Gemma: "Not a lot of grey in this life sweetheart. Extremes become average."
Tara: "I'm not sure I find that comforting."
Gemma: "You're not supposed to."
"Sons of Anarchy" certainly went to extremes this week. From a jaw-dropping bit of stunt casting so ridiculous you had to love it, to a tragic burst of violence too predictable by half, "Orca Shrugged" wasn't lacking in big events. But the problem of making a show that lives on extremes is that those extremes can become average. And while this episode was an improvement over last week, it still wasn't anything special.
"Glee" has pushed all sorts of emotional buttons for me in the past, so why did "The Break-Up" leave me dry-eyed and irritated? Am I grumpy? Heartless? Horrible?
I'm also frustrated by the feeling that we've seen this all before, that it won't mean much in the long run, that the powers that be are only messing with fans who have invested a lot of time in and developed affection for relationships that didn't need to be simultaneously blown apart in an hour long episode of break-up porn.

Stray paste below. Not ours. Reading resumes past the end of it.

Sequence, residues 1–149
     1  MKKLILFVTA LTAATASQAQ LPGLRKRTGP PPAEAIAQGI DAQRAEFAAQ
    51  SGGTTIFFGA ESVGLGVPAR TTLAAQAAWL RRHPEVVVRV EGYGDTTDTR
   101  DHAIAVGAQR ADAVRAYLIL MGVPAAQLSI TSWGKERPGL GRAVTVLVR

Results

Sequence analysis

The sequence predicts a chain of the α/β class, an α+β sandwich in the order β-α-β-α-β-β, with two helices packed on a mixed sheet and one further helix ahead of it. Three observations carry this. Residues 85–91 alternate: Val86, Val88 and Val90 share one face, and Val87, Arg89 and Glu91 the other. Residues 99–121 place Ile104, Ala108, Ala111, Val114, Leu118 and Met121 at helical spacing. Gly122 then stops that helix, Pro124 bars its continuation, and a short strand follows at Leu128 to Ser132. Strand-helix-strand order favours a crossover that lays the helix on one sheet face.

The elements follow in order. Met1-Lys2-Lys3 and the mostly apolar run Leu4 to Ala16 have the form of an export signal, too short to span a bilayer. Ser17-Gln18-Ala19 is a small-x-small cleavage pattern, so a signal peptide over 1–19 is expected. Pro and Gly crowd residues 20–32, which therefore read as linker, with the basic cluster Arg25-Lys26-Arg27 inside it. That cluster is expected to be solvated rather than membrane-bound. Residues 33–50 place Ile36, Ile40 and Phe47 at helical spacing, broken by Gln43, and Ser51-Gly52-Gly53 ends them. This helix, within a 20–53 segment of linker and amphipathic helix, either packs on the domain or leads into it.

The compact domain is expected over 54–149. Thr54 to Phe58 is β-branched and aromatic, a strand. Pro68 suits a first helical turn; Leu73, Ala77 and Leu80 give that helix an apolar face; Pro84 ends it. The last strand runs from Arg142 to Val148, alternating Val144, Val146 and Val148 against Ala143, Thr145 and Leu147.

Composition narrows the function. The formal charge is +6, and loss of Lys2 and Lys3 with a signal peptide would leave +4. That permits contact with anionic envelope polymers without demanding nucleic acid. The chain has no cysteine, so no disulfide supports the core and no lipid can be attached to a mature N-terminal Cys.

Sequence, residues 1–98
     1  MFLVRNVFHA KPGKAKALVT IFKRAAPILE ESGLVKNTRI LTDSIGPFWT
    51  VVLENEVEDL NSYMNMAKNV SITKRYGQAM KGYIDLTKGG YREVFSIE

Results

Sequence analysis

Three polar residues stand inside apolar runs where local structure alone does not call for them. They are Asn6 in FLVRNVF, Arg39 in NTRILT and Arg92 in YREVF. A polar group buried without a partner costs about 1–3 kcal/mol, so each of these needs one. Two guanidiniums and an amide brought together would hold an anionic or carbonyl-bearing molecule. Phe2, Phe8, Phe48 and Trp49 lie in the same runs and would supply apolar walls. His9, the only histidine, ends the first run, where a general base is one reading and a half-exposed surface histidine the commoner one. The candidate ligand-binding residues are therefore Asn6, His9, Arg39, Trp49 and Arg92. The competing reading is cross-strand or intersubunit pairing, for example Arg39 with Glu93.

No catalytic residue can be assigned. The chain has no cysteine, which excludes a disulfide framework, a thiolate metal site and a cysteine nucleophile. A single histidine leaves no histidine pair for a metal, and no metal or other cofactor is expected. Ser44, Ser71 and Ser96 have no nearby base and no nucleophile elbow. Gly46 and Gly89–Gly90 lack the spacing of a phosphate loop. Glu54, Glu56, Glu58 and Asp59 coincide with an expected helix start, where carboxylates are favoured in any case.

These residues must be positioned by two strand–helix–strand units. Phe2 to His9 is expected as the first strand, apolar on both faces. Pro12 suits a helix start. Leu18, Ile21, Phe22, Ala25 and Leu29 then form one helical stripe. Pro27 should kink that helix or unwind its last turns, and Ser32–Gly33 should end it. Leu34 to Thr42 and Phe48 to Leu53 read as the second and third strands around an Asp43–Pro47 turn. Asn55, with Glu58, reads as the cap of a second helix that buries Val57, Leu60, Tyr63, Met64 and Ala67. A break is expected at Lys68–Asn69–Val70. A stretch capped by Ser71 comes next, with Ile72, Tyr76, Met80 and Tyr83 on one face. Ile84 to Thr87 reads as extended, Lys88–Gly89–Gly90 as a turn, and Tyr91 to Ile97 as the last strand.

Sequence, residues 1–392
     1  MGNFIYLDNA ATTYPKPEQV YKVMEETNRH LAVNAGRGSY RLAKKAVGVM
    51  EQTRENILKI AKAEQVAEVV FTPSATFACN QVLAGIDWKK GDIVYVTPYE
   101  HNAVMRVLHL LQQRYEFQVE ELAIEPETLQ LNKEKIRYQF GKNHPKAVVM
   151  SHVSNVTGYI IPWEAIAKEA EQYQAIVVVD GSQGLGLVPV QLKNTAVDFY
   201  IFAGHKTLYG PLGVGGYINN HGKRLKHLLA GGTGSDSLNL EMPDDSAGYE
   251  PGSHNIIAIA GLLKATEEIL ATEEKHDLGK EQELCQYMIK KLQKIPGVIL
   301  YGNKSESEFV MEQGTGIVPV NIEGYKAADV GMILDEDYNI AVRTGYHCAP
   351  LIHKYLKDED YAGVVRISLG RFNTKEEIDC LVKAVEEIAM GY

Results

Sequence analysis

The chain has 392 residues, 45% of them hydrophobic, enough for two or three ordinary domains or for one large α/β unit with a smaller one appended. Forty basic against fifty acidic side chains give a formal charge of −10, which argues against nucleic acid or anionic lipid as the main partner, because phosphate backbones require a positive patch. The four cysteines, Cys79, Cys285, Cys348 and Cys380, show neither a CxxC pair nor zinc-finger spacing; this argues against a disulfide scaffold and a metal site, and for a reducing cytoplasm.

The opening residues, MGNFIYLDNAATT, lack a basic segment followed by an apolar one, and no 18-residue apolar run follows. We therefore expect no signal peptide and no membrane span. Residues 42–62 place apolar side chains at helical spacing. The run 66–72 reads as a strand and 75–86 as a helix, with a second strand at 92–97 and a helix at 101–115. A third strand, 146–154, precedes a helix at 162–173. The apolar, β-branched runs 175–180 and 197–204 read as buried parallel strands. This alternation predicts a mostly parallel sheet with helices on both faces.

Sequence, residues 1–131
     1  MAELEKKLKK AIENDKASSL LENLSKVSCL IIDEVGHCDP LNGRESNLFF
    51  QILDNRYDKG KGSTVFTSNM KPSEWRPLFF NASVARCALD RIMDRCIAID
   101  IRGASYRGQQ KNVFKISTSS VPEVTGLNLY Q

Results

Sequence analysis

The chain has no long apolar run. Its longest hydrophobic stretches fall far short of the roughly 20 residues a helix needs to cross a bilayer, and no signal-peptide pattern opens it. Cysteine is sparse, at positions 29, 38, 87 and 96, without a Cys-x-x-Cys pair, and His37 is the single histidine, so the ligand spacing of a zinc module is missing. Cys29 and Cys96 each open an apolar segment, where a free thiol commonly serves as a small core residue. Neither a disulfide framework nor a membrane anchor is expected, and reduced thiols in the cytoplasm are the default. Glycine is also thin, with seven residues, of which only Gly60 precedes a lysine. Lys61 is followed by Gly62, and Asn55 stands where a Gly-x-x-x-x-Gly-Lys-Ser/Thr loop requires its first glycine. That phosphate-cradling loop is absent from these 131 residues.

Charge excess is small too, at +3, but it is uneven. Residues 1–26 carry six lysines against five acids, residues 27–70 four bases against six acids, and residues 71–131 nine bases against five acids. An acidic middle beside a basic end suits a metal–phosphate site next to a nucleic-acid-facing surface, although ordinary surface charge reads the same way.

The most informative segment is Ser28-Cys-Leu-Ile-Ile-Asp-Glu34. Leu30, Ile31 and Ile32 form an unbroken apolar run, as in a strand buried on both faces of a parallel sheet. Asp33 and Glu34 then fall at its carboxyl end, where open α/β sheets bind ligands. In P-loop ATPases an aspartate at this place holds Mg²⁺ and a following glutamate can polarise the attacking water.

Sometimes break-ups are necessary, and that hurts. But "The Break-Up" wasn't necessary, it was nonsensical.
After last week's stunning, brutal and divisive installment, it would've been a surprise to see "Sons of Anarchy" deliver a follow-up quite as memorable. But I wasn't expecting an episode that felt so... hollow.
There were two major things that needed to be achieved in "Stolen Huffy": send off Opie in a fitting way and keep the story moving forward. While the hour attempted both, the results were merely OK.